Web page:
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WILKINS: Don’t stop pressure on criminal justice reform

The recently passed First Step Act is only a small step in the right direction

<p>Massive reforms must take place within individual states and localities to see large-scale in the American criminal justice system.&nbsp;</p>

Massive reforms must take place within individual states and localities to see large-scale in the American criminal justice system. 

It seemed impossible for the Koch Brothers and the American Civil Liberties Union to champion a common bill. It seemed even more unlikely that congressional Republicans and Democrats could cooperate for a common cause. Nevertheless, in December 2018, Congress passed the First Step Act, a criminal justice reform bill, by the shockingly-bipartisan 87 votes in the Senate and 360 in the House. 

The bill has several admirable provisions. It eases inmates’ ability to earn sentence reductions for good behavior, provides more work training opportunities and invests in re-entry programs for released prisoners. Judges can be more lenient in mandatory minimum sentencing in the case of nonviolent drug crimes. Importantly, longstanding disparities between crack and powder cocaine sentencing — a moral failure that has predominantly affected black communities — has been reduced. With the new provisions, nearly 4,000 inmates were slated for early release immediately after the bill’s passage. 

Many have rightfully lauded the achievements made by the First Step Act. But despite the bill’s important strides in ameliorating America’s shameful criminal justice system, the First Step Act needs significant strengthening. Its bipartisan sheen risks obfuscating the glaring injustices left unaddressed by the legislation. 

First, the First Step Act only applies to federal prisons, though state prisons and local jails house 90 percent of the U.S. prison population. Since states and localities have wide latitude in determining carceral policy, massive reforms must take place within individual states and localities to see large-scale in the American criminal justice system.The statistics are dire —  U.S. incarceration rates have increased by 700 percent since 1970 despite crime rates dropping, African-American males face incarceration at six times the rate of white males, and the carceral state has perpetuated generations of poverty. Without reforms at the state and local level — incentivizing prosecutors to reduce recidivism rates, decriminalizing low-level drug offences, prioritizing rehabilitation for minor crimes — our country’s incarceration crisis will continue largely unabated. 

Second, the law ignores the pervasive use of private prisons in the United States. In for-profit prisons, inmates are subjected to atrocious conditions. Private prison company GEO Group spent $1.2 million lobbying for the act and poses to profit from its passage. Without an increased federal crackdown on the private prison industry — a move former Attorney General Jeff Sessions emphatically declined to pursue when he reversed an Obama-era ban on private prisons — the private prison industry stands to gain from the First Step Act. Obama-era bans on private prisons must be reinstated.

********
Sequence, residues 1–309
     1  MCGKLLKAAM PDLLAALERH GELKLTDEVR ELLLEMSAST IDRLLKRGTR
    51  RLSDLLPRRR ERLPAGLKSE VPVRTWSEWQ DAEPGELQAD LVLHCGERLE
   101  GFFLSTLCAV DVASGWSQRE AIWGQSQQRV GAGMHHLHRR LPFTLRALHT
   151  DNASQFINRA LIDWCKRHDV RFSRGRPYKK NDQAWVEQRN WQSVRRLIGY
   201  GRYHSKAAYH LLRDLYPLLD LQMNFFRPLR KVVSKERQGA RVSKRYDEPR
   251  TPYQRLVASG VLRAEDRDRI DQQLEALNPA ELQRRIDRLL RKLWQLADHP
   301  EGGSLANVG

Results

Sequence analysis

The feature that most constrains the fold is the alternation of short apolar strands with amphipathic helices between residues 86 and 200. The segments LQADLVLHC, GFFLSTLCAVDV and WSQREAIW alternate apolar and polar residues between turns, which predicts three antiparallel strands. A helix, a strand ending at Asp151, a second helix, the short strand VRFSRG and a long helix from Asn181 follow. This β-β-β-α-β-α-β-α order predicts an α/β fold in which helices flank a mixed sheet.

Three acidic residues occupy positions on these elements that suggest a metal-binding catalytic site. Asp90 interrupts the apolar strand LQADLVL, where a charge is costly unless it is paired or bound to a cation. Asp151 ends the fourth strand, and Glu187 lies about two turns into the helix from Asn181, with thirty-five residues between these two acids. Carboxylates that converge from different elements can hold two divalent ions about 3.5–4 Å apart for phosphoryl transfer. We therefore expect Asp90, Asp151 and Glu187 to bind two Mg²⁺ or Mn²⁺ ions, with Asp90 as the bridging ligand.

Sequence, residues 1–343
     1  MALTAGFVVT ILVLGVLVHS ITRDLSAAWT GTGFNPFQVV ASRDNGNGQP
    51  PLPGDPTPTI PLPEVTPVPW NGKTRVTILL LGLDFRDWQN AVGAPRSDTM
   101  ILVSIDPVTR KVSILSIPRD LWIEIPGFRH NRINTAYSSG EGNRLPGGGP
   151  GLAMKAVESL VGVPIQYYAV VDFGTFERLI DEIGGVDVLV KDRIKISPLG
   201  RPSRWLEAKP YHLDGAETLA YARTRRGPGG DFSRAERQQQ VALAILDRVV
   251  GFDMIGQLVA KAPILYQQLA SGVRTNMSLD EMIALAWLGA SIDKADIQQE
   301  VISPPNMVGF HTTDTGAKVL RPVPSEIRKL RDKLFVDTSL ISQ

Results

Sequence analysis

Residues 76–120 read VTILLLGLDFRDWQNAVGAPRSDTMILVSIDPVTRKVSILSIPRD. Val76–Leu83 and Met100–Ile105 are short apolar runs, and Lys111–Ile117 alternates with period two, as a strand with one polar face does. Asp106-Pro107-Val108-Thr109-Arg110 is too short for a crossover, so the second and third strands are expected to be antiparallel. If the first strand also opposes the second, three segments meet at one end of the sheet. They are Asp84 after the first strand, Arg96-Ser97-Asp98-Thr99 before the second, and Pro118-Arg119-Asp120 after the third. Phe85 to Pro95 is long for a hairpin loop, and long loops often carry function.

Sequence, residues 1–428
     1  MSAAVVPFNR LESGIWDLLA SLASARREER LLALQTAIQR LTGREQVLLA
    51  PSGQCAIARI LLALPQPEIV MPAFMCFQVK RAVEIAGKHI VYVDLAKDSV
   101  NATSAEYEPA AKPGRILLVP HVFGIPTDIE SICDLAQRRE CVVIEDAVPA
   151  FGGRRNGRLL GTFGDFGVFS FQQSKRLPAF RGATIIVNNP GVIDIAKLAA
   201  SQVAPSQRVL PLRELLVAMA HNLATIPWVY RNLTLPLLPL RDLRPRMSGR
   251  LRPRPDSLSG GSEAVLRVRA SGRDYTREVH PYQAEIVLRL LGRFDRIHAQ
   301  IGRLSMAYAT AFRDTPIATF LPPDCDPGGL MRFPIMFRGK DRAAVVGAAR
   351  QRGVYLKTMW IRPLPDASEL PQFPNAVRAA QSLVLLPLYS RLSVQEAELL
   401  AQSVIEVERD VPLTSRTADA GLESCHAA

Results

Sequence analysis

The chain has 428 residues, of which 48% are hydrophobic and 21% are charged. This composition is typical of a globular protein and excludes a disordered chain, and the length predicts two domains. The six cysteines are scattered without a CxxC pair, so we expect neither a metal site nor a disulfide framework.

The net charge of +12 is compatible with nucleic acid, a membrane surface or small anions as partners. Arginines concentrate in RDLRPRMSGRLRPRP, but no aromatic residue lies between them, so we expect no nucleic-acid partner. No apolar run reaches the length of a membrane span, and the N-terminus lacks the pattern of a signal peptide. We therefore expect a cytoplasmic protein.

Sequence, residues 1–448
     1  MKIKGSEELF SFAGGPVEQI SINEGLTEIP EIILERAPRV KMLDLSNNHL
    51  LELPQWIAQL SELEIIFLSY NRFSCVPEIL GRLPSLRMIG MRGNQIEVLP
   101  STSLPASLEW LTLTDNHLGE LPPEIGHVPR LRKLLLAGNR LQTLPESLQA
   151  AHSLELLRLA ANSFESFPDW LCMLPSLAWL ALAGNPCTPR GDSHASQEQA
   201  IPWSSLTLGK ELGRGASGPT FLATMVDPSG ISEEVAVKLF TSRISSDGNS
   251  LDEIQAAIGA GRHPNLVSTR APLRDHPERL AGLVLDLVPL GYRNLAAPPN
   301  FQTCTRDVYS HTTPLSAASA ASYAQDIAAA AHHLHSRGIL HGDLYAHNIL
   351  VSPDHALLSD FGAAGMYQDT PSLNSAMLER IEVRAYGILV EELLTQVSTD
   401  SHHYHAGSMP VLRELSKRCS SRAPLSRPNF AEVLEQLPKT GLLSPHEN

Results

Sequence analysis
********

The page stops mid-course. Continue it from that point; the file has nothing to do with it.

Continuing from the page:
Third, the most severe democratic causality of mass incarceration, the disenfranchisement of former felons, remains at large. Over six million Americans are currently disenfranchised due to a former felony conviction — compared to one in 56 non-black voters, one in 13 Black Americans cannot vote. Only strong federal action can ensure this constitutional right for formerly incarcerated individuals. Even when states like Florida have used constitutional amendments to restore voting rights, opponents — in Florida’s case, the GOP-controlled state legislature — instituted policies to complicate former inmates’ path to enfranchisement. Robust federal provisions to secure and protect former felons’ right to vote are nowhere to be found in the First Step Act.

Thankfully, as Washington Post columnist Katrina vanden Heuvel has noted, Democratic presidential candidates have rallied to the issue of criminal justice reform, making them prominent focal points in their campaigns. Sen. Cory Booker (D-NJ) has proposed legalizing marijuana at the federal level and raising funds available for public defenders. Sen. Elizabeth Warren (D-Mass.) has overtly called the criminal justice system “racist” and called for reform and Sen. Bernie Sanders (I-Vt.) has advocated using federal power to eliminate cash bail. Such attention to criminal justice reform bodes well for keeping the issue on the top of voters’ minds.  

Still, we must ensure pressure is put on candidates — presidential, state and local — to continue the fight for federal criminal justice reform, lest interest wane in the wake of the bipartisan polish of the First Step Act. Without enough attention, the moral calamity of the American criminal justice system will continue unaddressed. 

Jack Wilkins is an Opinion Columnist for The Cavalier Daily. He can be reached at